No need for spoiler warnings.
It looks and plays a lot like Geometry Wars. This is the inescapable reality of We Are Doomed, an upcoming twin-stick shooter from one-man studio Vertex Pop. The world is colored with softer, pastel hues, and the enemies are tangible things instead of angular shapes. But anyone who has played Geo Wars will immediately grok what they're seeing and experiencing in We Are Doomed and will know exactly what to do. Creator Mobeen Fikree isn't shying away from the comparison.
"I don't mind," he told XBLA Fans earlier this month at PAX East. "I think Geometry Wars is a great game, and following in that lineage of Robotron, Smash TV, Geometry Wars and then, you know, this. I’m happy to be a part of that lineage. When people go, ‘Oh, it’s like Geometry Wars!’ I’m like, 'Yeah, it’s like Geometry Wars.'"
Until it's not.
The moment you use the right stick to open fire on the waves of space baddies swarming the screen it becomes clear how We Are Doomed diverges from the formula. Instead of blasting enemies with a never-ending stream of long-range laser fire, players instead must rely on a medium-range "overpowered laserbeam," as Vertex Pop's website describes it. In actuality, it doesn't come off like a laser at all. Instead, it looks and feels more like you're wielding a flamethrower with an infinite fuel supply. Nudging the stick farther in any direction will elongate the beam/flame, but it will never cause it to reach clear across the screen.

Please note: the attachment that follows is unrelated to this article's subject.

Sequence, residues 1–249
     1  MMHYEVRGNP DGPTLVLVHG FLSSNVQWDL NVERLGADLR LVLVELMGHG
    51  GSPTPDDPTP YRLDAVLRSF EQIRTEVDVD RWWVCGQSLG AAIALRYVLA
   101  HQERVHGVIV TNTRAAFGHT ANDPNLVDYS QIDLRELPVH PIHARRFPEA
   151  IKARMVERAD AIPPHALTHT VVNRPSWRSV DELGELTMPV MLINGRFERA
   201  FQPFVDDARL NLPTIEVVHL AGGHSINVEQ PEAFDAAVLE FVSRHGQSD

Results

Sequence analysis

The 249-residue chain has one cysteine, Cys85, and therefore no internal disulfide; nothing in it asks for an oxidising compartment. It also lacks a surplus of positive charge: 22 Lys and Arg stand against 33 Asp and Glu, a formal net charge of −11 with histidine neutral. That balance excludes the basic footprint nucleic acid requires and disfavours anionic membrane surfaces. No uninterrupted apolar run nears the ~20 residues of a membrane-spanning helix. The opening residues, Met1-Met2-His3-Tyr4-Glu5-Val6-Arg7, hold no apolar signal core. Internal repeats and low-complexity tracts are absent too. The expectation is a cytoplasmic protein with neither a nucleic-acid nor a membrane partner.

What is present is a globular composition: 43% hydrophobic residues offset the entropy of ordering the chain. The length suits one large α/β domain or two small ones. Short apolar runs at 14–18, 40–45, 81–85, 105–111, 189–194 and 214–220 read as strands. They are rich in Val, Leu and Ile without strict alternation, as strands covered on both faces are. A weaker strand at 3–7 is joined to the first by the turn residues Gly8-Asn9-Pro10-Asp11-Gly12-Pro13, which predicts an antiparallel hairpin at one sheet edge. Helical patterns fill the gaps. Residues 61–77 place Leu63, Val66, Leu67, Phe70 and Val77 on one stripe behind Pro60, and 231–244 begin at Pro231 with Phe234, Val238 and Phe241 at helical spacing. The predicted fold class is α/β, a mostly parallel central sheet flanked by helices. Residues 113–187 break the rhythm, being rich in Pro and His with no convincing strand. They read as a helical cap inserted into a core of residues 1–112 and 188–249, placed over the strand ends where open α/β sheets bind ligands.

If you want to defeat the baddies — and you'll of course need to do so if you want to make any progress in the game — then you'll need to get a bit closer than you may be used to getting in other twin-stick shooters. "You have to dive into the action," explained Fikree. "You have to be close range if you want to zap baddies — you can’t sit in one corner of the map and shoot things all the way in the other corner."
Do you like the idea of robbing people, gaining crazy amounts of cash and buying really cool stuff, but hate the idea of having to sneak around listening to guards’ conversations for hours? Well, then Size Five Games' The Swindle may be for you.
The Swindle is a steampunk/cyberpunk heist game that takes place in a version of London where the police have the perfect solution to all of the city's crime: they're going to use artificial intelligence to surveil all of London. “As a master thief, that will sort of ruin your job,” explains Size Five Games Director Dan Marshall. The police are going to activate this AI in 100 days, which means that's all the time you have to try and steal it. Every time you do a heist, whether you succeed or fail, the counter goes down.